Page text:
After posting a progress update on my weight loss, I thought it would be a good idea to go over what I’ve been doing for my diet.
Now I know that anyone can Google “What can I eat to lose weight?” and return 3 billion search results promoting a miracle maple syrup diet. I could do that. I would probably even lose weight by eating only a tablespoon of hot sauce every day. But I feel like I’ve been training enough over the past year that I can call myself an athlete and athletes need energy. I want to move down a weight class when I compete, but I will not fulfill my burning desire to deadlift 405 lbs by subsisting off two soda crackers and a can of tuna every day. The end result is that I’m constantly trying to strike a delicate balance between eating enough, without overeating.
The other area where I start to walk a metaphorical tightrope is when I start trying to fit healthy eating habits into my schedule. I know there are a lot of parents and so-called adults out there who think that when you’re in college you can just spend a million hours a day at the gym, play some Xbox when you get home and then still have have time to rub one out. Ha. I’m a full-time student and I work part-time. I feel like I’m constantly away from home, and when you throw in a few training sessions every week and the bare bones of a social life, suddenly finding time to make sure I’m eating right falls to the bottom of the list. Oops.
So, here’s what works for me. Everything that I’m currently doing is stuff that I’ve been doing for a while or have done successfully in the past to achieve results. I’ve tried to list what I do in the order that I implement them. The step-wise approach works well for me: I make a plan and I stick to it. Once I get the broad strokes down on canvas, I can focus on the details and create a masterpiece.
1. SupperWorks. I blogged about SupperWorks after my first visit and I’ve gone back every month since. Basically, it’s a service which allows me to prepare 21 meals (or more) in advance. When I get home in the evening, I usually just want to unwind for an hour and cooking feels like a monumental chore at the end of a busy day. Instead, I go to SupperWorks with a friend one evening each month and spend an hour assembling our meals. The time commitment is minimal and I get to disguise one of my chores as a social outing. I will note that I tend to consciously steer clear of some of the menu options that are generally high in carbs, high in calories or lower in protein so that I can justify paying for this service. I find that it’s worth it because now I have healthy meals planned out and waiting in my freezer a month in advance. Someone with more culinary inclination could easily do this in their kitchen and not at SupperWorks, but having quick and easy options on hand makes staying on track a no-brainer.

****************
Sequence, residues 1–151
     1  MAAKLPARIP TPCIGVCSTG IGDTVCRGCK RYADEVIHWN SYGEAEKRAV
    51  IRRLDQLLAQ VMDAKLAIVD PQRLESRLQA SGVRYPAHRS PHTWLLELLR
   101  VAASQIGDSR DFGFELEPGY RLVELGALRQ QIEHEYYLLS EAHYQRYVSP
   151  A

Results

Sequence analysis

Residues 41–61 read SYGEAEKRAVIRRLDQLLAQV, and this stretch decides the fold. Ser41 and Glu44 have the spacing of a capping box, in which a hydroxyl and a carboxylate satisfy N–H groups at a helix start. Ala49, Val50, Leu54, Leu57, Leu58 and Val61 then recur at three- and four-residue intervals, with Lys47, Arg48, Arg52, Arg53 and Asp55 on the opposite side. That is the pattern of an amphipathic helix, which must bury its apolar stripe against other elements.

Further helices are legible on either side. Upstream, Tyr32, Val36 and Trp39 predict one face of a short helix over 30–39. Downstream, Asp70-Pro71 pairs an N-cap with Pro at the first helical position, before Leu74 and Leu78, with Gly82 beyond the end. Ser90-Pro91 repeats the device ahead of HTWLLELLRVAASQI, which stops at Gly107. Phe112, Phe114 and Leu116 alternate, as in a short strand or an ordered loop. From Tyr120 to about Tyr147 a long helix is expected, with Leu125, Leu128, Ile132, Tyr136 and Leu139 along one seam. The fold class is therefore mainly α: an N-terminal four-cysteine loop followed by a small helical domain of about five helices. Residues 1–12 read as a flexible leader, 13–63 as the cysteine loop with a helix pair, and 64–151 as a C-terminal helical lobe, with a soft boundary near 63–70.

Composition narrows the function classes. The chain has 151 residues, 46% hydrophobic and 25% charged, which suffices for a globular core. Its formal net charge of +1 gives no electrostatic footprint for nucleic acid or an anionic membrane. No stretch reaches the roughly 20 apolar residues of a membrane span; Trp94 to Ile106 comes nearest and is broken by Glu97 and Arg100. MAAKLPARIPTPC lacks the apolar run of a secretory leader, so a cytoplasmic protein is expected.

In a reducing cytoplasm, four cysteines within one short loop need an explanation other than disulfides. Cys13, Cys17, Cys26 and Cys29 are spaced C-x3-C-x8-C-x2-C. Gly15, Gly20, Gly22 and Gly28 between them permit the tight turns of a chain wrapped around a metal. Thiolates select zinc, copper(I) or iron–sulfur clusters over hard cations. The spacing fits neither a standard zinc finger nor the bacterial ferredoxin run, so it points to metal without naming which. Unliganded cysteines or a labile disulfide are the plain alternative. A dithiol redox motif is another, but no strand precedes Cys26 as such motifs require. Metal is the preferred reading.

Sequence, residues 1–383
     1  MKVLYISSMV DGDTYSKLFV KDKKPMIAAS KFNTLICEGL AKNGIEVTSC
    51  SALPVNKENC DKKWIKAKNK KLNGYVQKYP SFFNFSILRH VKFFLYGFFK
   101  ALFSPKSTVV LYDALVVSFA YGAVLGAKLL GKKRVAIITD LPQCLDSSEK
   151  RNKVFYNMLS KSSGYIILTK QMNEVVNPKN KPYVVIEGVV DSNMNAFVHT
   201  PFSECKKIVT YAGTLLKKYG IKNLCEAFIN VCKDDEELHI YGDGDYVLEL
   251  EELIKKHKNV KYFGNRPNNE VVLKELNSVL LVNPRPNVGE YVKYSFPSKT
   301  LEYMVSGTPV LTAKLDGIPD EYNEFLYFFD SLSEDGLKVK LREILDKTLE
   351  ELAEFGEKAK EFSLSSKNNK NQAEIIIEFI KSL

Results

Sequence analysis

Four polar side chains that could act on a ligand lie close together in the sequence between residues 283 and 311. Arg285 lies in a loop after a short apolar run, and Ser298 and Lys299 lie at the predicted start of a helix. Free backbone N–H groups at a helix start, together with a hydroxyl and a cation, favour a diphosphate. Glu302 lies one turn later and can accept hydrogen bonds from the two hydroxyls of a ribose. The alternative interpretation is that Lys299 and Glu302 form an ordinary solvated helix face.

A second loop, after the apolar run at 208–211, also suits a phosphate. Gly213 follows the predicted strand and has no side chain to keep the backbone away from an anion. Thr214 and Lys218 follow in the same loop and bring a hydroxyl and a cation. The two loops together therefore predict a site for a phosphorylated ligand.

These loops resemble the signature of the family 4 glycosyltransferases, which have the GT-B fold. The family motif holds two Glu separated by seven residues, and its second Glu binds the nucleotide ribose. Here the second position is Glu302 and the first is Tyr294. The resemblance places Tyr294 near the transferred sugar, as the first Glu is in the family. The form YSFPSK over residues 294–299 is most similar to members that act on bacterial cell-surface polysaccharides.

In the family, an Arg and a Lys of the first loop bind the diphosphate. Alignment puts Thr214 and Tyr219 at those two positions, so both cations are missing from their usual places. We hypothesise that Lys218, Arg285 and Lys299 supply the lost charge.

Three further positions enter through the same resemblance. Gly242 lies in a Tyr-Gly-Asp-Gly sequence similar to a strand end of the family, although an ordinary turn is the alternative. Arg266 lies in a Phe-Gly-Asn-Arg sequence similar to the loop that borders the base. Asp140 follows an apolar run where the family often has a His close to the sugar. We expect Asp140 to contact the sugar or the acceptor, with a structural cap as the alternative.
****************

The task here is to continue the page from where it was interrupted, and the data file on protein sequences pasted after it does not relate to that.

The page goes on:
2. Calorie counting. Like SupperWorks, calorie counting works for me because it’s just a plan I have to follow to reach my goals. I log what I’m going to eat the night before and then measure it out and pack it in my lunch bag so that I’m not scrambling to throw something together as I rush out the door. Again, having healthy options on hand means that I never end up wishing I’d brought a snack as I chow down on a Mars bar. And while I generally try to eat whole foods, I am a pretty firm believer in the “If it fits your macros, eat that shit up” approach to nutrition. Sometimes I just need a cinnamon bun or some peanut butter m&m’s to maintain my sanity. By tracking my calorie consumption, I know exactly where the occasional treat fits into my diet and I don’t wind-up feeling guilty later on. There are about a million websites and associated apps where you can log your eating habits. I’ve tried several and have been using myfitnesspal for almost a year.